LXer Weekly Roundup for 18-Oct-2009
ARMing desktop Linux: For a brief time in 2008, the Linux desktop actually owned a segment of the desktop industry: netbooks. When netbooks first showed up, they ran Linux and nothing but Linux. Microsoft panicked and brought XP back from the dead, offering it for next to nothing to netbook vendors and thus successfully fighting off the Linux challenge.
10 important Linux developments everyone should know about: The Linux technology, development model, and community have all been game-changing influences on the IT industry, and all we can really do is stand back and look at it all, happy to have been along for the ride for developerWorks' first 10 years. The Linux zone team has put together this greatly abbreviated collection of things that stand out in our minds as having rocked the world of Linux in a significant way.
Linux Foundation Rolls Out New Member Benefits: The Linux Foundation rolls out some new member benefits this week, along with a membership classification just for students. Though there were already a ton of cool membership perks to begin wtih, new access to employee purchase pricing on products from HP, Dell, and Lenovo is a really terrific addition to the list.
The Many Ways to Copy, Move, Rename, and Archive in KDE 4: In my last post, I covered some of the features in Dolphin that I find particularly useful. In this post, you will learn about some very basic features that everyone uses, but you may not know all of the various easy methods of accomplishing them. In KDE, there are several ways to copy, move, rename, and archive files. Let’s take a look at a few them.
I'll Use Linux When $App Magically Appears: I'm sure you've seen this is as often as I have, even from supposed Free Software advocates: "I can't switch completely to Linux now because I still need this $foo application. When a free alternative appears then I'll switch." They may or may not be sincere; they are certainly missing the point. Because it's not enough to just sit around and wait for the Magic Software Fairy to deliver your perfect applications with all the bells and whistles for free.
Smokin' Guns a free Old West game for Linux: Smokin' Guns is a free FPS and Open Source game that take you back to the old time of the 'Old West'. Based on the engine of Quake 3, Smokin' Guns has all the attributes of a traditional FPS
First Glimpse at What the Chrome Browser May Look Like in Chrome OS: Over the weekend someone stumbled onto a Chrome browser build for Chrome OS on Google's servers. We've seen several false-alarm looks at Chrome OS, and while it is only the browser, it provides a glimpse into the direction Google's going.
Linux-Windows gap to remain for five years: The Linux desktop experience is now closer to the Windows environment than before, but the gap in mainstream adoption for the open source OS will not close anytime soon, says an industry analyst.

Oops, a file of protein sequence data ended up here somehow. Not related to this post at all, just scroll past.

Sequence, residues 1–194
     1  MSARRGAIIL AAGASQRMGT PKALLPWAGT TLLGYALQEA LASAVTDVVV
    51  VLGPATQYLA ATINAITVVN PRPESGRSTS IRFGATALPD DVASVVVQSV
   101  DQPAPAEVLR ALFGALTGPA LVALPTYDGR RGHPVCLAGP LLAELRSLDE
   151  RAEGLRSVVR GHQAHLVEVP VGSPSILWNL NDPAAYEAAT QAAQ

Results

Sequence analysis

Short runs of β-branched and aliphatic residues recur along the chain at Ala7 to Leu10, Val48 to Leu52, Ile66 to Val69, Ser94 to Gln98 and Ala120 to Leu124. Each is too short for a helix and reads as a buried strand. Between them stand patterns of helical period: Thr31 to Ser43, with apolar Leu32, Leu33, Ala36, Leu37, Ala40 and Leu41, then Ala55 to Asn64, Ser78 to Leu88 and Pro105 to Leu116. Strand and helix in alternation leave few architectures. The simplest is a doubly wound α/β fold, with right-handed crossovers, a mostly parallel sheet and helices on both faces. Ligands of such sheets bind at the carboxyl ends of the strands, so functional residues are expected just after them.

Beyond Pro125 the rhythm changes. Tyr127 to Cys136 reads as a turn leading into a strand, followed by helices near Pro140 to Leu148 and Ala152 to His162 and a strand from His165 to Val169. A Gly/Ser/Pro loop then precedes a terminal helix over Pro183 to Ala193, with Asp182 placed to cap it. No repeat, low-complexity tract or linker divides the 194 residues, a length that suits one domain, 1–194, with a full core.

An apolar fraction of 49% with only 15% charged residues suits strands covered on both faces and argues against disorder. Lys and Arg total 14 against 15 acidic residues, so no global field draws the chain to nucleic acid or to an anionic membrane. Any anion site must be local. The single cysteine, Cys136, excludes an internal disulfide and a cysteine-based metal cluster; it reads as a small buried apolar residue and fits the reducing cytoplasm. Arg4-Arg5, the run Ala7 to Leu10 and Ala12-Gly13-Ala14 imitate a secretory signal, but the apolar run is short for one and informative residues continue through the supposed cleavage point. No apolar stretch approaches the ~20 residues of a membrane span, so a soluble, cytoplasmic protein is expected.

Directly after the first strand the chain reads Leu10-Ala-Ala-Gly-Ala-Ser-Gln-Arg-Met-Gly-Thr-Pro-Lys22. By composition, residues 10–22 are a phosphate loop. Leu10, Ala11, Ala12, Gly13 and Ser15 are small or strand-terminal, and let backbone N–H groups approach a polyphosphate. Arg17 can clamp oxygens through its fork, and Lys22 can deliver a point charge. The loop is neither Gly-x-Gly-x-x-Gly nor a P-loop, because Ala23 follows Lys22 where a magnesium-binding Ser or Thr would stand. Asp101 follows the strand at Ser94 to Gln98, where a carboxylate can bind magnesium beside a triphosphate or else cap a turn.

The Washington Post Says Thumbs-Up to Linux for Banking: In a recent post I wrote called "Linux has no marketing, but what if it did?" I made the point that with Microsoft's Windows 7 OS coming out on October 22nd, there will be a blitz of marketing around it, and noted that there never is any such blitz promoting Linux. That post suggested that if Linux could have an equivalent marketing blitz, a very effective campaign might be built around how very much more secure and out of the line of fire of malware purveyors Linux is.
Five Web Operating Systems You Can Take for a Spin: Web operating systems (OSs) are basically websites that replicate the desktop environment of modern OSs, all inside a Web browser. They are installed onto Web servers and live on the Internet, thus we can access our virtual desktop from anywhere that's connected to the net. You might hear these Web OSs referred to as "webtops" or "cloud" computers as well. After a brief discussion, we'll look at 5 different Web OSs. We'll see what they look like and what they offer. Then you might want to sign-up for one of the services or set up your own cloud server.
Gentoo: "We're Not Dead": In 2008 the Gentoo Foundation ceased to exist, sending rumors of Gentoo’s demise and ultimate death circulating around the Internet. Almost two years on, the distro is still here and celebrating its 10th anniversary. How close did the distro come to disaster, and where does it stand now?
Comparing "KDE 4" and "GNOME 3": There is small trend currently to write a blog entry or article comparing "KDE 4" and "GNOME 3". Now, I'm not involved in the least with the GNOME 3 efforts (no big surprise there, I'm sure :) so I can't and won't comment on what they are doing now or in the future (they can do so themselves quite well :), but there are two interesting points I keep seeing raised that I really do want to address ... and I don't feel like commenting on every blog post out there. ;)
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